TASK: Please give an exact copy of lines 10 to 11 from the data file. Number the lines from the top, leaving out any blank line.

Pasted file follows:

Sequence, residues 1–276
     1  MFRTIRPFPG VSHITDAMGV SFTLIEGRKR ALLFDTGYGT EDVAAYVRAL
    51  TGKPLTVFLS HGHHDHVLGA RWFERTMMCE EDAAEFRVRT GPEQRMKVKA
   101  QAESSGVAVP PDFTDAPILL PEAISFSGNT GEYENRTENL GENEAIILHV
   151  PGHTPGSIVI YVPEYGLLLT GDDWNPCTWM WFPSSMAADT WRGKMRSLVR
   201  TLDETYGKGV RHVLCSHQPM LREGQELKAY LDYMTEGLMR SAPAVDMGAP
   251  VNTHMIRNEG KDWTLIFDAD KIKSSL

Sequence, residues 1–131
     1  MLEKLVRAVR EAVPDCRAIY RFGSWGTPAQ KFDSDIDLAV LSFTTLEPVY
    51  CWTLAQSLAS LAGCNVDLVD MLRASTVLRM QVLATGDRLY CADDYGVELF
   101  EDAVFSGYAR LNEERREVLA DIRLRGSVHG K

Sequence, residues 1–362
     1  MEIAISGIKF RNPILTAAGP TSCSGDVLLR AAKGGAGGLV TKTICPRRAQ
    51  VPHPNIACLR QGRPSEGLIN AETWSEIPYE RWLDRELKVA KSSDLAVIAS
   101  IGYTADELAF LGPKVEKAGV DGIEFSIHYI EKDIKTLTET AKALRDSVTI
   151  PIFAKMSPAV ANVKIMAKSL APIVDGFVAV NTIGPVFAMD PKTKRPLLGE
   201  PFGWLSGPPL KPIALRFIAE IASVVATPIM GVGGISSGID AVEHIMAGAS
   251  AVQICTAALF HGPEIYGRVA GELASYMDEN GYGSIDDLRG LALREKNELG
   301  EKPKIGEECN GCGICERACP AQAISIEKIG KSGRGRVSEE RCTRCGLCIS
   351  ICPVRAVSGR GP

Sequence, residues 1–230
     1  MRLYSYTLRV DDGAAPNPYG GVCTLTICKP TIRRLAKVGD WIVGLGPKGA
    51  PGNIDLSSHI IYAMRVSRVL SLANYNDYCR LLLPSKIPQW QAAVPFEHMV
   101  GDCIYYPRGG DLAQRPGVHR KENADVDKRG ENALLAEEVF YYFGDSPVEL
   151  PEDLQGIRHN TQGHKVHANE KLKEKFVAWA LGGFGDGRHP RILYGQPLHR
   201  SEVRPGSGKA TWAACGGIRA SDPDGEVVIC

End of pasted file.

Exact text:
    51  CWTLAQSLAS LAGCNVDLVD MLRASTVLRM QVLATGDRLY CADDYGVELF
   101  EDAVFSGYAR LNEERREVLA DIRLRGSVHG K